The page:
T-22: A beneficial fungus helping roots
A research project by Thomas Björkman and Gary Harman
Department of Horticultrual Sciences, Cornell University
beneficial fungus: Trichoderma harzianum 1295-22,
to have properties neccesary for commercial use to protect
This is a significant breakthrough that should lead to many more effective biocontrol fungi.
So far this is the only fungal strain shown to colonize abundantly and persistently under a wide range of conditions.
Trichoderma harzianum growing on root hairs and soil particles in the rhizosphere.
The challenge: Soil-borne pathogens are among the most difficult to control, in part because of the stability of the soil biota. Even fungicides have no lasting effect. Biological control has the potential to protect crops against soil pathogens, while reducing pesticide use.
Background: There are several biocontrol agents being developed, but these have not been sufficiently persistent in the soil to provide season-long control. However, a strain of the fungus Trichoderma, developed at Cornell over the last 10 years, has outstanding root-colonizing potential that permits long-term alteration of the soil microflora and enhances the vigor of crop seedlings. This uniquely effective strain of Trichoderma is now commercially available under the trade name "T-22." More background information.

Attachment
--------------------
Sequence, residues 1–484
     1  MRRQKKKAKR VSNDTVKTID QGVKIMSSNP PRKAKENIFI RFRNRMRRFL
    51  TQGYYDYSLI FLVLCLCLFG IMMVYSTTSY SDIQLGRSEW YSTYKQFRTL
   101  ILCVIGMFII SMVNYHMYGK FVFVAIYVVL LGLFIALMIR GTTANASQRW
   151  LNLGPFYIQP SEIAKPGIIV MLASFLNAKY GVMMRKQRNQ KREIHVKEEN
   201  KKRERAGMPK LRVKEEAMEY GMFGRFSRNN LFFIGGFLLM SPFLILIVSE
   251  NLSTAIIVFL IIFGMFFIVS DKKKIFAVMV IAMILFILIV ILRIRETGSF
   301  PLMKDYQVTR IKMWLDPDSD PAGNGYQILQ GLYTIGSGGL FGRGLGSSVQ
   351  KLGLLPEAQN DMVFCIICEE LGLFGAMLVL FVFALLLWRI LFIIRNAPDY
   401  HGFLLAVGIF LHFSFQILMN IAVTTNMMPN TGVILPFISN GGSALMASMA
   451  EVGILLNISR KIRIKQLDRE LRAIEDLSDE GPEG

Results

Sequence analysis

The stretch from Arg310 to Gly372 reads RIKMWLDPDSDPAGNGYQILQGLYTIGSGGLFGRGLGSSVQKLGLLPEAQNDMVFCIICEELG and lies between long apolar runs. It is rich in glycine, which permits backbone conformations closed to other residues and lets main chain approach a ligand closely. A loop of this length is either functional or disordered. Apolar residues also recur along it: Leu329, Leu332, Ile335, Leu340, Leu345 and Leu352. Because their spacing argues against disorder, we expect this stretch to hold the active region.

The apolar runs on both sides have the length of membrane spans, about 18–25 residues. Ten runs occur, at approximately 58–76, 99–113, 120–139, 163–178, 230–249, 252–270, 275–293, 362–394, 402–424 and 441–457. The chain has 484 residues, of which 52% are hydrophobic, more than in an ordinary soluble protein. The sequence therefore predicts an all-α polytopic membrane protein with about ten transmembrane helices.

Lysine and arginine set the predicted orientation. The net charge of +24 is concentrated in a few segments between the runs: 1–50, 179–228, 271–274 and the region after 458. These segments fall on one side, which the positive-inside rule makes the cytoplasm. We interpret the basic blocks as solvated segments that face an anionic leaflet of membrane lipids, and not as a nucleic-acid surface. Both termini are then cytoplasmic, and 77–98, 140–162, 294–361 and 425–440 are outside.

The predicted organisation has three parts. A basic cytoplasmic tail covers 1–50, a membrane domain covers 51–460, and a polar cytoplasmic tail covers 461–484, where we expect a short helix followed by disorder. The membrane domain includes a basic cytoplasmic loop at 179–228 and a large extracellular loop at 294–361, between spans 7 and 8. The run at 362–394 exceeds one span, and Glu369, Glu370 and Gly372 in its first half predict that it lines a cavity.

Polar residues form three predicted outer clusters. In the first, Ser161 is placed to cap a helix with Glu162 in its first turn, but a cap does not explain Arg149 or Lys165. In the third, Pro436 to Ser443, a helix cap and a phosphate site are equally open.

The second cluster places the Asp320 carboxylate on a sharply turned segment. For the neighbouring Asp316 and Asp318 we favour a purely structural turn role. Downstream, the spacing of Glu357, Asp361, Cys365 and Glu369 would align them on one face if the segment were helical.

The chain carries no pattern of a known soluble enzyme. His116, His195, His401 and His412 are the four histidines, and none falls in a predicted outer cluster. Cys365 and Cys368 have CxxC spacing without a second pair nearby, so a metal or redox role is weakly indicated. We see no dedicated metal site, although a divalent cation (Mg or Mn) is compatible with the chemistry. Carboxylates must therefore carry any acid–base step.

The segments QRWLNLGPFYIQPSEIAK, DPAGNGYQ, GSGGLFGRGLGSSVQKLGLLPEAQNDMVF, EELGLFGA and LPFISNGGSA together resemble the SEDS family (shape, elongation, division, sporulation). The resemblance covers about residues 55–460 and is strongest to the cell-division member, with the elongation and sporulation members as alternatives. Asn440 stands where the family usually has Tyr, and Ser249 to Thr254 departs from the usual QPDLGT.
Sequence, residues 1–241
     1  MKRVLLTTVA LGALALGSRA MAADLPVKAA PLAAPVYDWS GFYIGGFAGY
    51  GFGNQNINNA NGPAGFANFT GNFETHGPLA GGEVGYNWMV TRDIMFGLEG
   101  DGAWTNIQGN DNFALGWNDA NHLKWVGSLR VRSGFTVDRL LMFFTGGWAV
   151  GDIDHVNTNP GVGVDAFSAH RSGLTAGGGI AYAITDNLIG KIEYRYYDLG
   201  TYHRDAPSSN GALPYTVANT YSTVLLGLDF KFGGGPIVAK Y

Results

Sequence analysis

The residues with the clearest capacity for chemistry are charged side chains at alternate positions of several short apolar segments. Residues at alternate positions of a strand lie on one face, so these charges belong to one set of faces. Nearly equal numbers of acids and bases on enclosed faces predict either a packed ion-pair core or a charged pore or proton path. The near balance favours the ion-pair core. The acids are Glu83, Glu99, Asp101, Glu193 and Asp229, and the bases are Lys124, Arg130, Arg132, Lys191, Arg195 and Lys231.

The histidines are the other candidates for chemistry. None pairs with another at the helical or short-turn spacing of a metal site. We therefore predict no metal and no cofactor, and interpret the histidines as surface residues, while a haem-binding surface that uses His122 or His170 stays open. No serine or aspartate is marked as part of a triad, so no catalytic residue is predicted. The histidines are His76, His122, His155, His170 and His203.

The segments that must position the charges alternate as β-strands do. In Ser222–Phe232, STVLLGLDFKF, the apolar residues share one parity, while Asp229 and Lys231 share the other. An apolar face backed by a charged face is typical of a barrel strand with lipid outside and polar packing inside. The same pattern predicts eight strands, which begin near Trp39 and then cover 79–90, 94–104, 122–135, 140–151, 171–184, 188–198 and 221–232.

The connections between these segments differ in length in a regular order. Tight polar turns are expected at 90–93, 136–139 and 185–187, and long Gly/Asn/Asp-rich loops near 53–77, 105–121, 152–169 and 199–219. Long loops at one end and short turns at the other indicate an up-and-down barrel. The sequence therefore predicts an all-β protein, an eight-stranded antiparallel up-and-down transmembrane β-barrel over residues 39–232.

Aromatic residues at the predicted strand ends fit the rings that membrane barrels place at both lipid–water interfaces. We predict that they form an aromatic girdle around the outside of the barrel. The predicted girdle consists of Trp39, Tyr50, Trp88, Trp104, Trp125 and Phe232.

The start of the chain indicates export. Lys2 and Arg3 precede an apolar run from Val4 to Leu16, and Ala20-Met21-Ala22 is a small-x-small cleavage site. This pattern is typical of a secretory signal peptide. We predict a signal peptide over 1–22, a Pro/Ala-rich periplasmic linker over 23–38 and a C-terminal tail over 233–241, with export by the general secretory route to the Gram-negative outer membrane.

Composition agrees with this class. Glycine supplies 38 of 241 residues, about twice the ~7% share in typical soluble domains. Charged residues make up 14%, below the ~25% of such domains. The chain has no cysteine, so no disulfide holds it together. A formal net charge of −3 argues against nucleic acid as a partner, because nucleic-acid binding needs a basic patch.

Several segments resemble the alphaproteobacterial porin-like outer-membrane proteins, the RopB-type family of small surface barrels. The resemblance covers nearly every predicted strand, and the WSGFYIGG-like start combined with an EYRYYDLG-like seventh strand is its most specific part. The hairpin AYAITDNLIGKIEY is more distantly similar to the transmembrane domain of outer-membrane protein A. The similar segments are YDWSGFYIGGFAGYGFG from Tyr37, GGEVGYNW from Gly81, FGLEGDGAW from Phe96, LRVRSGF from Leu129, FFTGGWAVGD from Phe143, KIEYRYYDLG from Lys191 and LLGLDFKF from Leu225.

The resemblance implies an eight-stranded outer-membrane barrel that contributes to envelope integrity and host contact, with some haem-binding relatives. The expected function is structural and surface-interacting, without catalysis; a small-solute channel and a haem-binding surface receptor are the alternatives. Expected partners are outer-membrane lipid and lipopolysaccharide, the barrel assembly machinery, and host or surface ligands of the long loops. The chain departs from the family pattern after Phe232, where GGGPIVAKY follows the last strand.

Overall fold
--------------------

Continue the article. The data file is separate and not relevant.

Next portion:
What this project does: To realize the potential of this biocontrol agent, it is necessary to find the appropriate ways to deliver it in agricultural production. Identifying reliable ways of using this biocontrol agent in various production systems will improve environmental sustainability by reducing pesticide use and enhancing the soil microflora. It will improve economic sustainability by increasing yields and reducing the cost of protecting crops against soil-borne diseases.
|The following grower information is available:|
|The proper way to use T-22 and some uses for T-22.|
|Keeping your roots healthy.|
|The experiments we did and the project objectives.|
|Organic Farming :||Will T-22 work in my biologically active soil?|
|Overwintering:||Can I grow T-22 on cover crops to carry it over?|
|Results:||Results of the experiments.|
Thomas Bjorkman homepage
York State Agricultural Experiment Station, 635 West North Street,
Geneva, New York 14456
July 30, 2010